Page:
Then there is the long-term advantage – and this is the more important one for the future of our nation: what roles can business thinking and the entrepreneurial spirit play in reshaping the Nigerian society?
To answer, you may first ask the more fundamental questions: what is the role of business, and how can business deploy its unique capacities to transform Nigeria in a way that civil society and public office has yet failed to do up until now?
The tragedy of capitalism has been that, business, a beautiful thing that – like other organs of society – is supposed to contribute to the building of the nation, has been narrowed to a vehicle solely for profit.
This is an aberration. Profit is the engine of business, but this engine has purpose: the purpose is to surrender to the discipline of the market, so that that it is forced to innovate, to iterate, to adapt; to respond to the world as it is, and make it into what it can be.
Nigeria’s problem, caused by its poor leadership is, at the base of it, a collapse of order, of the systems and the architecture that provides sustained value. It is a complete failure of systems thinking.
This is where entrepreneurs thrive. In the absence of systems, they create them. Where people look and see darkness, they see opportunity. From the stones of failure, they map out value. They bring order to chaos, and replace waste with profit.
Others see red tape, and the entrepreneur sees a virgin market; they see pioneer status, and they see first mover advantages.
Unfortunately, in response to this abundance of opportunity our country’s challenges throw up, what have a new breed of businessmen and women been focused on?
More e-commerce companies. As if we live in a different reality from the rest of our nation.
Is Nigeria’s problem the lack of yet another online mall, or is it a collapse of basic infrastructure, the social fabric and the demonstrable power of good governance?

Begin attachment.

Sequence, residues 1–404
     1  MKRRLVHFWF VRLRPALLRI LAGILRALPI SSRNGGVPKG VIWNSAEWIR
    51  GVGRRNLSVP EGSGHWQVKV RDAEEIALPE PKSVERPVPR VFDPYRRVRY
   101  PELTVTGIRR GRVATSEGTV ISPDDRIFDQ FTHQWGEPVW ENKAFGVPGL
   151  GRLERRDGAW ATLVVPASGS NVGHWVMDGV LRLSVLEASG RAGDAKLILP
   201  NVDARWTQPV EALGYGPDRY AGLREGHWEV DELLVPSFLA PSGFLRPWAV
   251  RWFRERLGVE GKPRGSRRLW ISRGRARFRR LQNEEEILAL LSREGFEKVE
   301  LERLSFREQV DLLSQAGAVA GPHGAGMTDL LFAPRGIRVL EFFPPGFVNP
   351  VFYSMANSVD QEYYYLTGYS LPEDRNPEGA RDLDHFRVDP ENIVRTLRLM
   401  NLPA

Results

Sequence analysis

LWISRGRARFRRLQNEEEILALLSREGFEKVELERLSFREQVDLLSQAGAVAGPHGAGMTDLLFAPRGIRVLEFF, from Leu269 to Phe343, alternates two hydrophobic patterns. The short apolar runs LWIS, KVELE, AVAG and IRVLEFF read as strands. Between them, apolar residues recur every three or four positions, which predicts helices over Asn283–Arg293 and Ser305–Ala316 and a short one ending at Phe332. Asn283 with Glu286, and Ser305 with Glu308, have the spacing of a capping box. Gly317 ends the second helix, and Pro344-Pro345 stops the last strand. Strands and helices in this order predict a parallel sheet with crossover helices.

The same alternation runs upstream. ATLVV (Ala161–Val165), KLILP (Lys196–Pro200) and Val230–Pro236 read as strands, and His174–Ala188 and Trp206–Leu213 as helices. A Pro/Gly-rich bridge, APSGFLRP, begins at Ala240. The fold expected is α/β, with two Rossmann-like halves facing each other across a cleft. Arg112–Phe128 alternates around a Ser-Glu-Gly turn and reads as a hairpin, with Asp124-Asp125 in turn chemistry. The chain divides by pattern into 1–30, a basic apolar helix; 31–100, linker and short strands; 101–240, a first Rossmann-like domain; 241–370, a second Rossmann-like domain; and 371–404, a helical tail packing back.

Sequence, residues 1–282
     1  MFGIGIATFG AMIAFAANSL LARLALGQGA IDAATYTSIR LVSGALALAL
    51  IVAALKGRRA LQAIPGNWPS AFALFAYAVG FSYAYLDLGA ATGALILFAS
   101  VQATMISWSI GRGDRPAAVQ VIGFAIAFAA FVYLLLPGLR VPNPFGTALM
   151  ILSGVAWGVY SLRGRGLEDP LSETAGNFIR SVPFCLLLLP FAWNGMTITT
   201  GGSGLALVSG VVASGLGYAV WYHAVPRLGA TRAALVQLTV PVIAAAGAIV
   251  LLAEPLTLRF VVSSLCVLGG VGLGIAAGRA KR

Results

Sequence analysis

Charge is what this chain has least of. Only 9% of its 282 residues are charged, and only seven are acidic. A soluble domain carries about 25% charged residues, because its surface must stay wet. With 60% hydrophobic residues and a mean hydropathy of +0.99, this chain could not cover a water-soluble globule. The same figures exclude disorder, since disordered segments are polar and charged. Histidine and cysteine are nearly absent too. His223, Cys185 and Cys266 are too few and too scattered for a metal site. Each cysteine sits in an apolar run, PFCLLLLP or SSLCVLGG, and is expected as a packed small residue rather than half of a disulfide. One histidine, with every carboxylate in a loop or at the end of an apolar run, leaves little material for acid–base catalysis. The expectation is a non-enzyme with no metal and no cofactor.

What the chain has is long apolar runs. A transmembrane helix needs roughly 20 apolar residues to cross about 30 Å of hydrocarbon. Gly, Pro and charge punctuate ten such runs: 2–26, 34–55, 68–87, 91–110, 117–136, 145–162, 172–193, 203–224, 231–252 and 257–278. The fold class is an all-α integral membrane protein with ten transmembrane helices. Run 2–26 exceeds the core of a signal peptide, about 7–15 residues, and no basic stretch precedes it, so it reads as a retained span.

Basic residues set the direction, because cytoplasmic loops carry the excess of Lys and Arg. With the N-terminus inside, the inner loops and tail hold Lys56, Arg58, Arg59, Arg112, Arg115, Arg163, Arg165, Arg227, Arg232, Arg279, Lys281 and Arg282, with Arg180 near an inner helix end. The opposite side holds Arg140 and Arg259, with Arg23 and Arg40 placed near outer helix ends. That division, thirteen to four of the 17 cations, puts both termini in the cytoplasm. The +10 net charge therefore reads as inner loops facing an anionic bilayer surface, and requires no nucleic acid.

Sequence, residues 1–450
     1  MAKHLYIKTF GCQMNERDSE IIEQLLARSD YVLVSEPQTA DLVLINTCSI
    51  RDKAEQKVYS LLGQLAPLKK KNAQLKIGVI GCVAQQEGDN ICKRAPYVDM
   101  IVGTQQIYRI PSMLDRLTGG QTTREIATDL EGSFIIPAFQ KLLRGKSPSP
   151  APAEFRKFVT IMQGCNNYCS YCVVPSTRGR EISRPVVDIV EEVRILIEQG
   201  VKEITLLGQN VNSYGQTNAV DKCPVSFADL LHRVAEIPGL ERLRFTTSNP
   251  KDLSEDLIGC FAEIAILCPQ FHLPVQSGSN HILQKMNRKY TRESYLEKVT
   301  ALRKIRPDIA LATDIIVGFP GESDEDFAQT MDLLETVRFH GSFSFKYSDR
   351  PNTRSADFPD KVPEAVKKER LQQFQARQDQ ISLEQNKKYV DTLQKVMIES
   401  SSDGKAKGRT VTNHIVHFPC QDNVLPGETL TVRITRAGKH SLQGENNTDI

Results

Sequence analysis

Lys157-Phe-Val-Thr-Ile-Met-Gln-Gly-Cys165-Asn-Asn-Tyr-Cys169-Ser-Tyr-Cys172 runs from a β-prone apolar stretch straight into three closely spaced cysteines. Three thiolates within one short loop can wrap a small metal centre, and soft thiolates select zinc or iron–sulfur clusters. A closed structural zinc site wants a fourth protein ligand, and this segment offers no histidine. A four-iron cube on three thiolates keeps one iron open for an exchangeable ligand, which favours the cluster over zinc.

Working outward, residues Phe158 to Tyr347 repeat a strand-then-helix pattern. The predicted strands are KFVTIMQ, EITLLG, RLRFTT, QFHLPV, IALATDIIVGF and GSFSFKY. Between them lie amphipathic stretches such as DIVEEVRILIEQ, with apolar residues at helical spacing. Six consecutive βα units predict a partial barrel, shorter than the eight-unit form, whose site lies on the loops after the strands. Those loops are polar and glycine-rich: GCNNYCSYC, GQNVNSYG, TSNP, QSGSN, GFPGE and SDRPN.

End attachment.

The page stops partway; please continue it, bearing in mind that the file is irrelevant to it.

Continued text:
Why are we so dedicated to solving the problems we do not have, when the problems that we have demand urgent solutions? Why are we dead-set on replicating solutions designed for other climes with different sets of challenges, when we have enough of our own?
It is to this voice that entrepreneurs must turn their gifts.
So the question is: how can we apply the fundamentals of business strategy, and the underlying demands of creating a national competitive advantage to regenerating our country?
The challenge is stark. We need investors and creators in health care, human resources, agriculture, technology, manufacturing, in entertainment and across sectors who can get right to the task of building solutions that will actually make governance work, and work for the people.
We have tried to work around governance as entrepreneurs – and all it has done is enriched our pockets while leaving us in an unsafe country with decrepit hospitals.
We have successful businesses all around us now, but what has their narrow focus on making profits done for us as a people – how has the massive shareholder value they have created helped move Nigeria to where it can be? Desperate times call for innovation.
This is where companies like StateCraft are proud to step in – its key product line being people-power; and, when this product line works at optimum, electoral victory.
Thankfully, it is not alone. Andela is solving the problem of our national human resource gap, BudgIT is solving the problem of corruption via access to government data, and my favourite company LifeBank is tackling head on the urgent life-and-death issue of providing blood for the many who need it in emergency situations.
Some of the companies above have not yet, like us, found a business model that drives their economic engine (i.e. who will pay for this product/service continuously), but it is a shame that many of them remain afloat today not by the urgency of Nigerian investment, but by the charity of foreign visionaries like the Zuckerberg-Chan Foundation, and the Omidyar Network.
Nigeria has a blood bank problem. Unlike South Africa that meets its donor needs on a volunteer basis, we only survive based on paying people for blood, and yet we are functioning at below 10 percent capacity, according to Temie Giwa, who founded LifeBank.
To solve this problem, she has decided to run a business, to ensure sustainability. That business functions as an enterprise marketplace for hospitals and blood banks, helping clients source for the best blood and blood products that patients need and delivering the product to patients on time, via an inventory of all the blood available in the country at any time.
She needs the financial runway to keep thinking until she arrives at a business model. But where are the helpers? Where are the investors?
Giwa’s business is literally – literally – saving lives. But she cannot scale yet because local investors are still stuck in an old, warped paradigm where saving lives is something separate from the demands of successful business.
This has to end. Old models must be overturned, old paradigms discarded, and traditional boundaries pushed forward – those lines that separate corporate social responsibility from the core of a business or that isolate advocacy from the core idea of what business should stand for.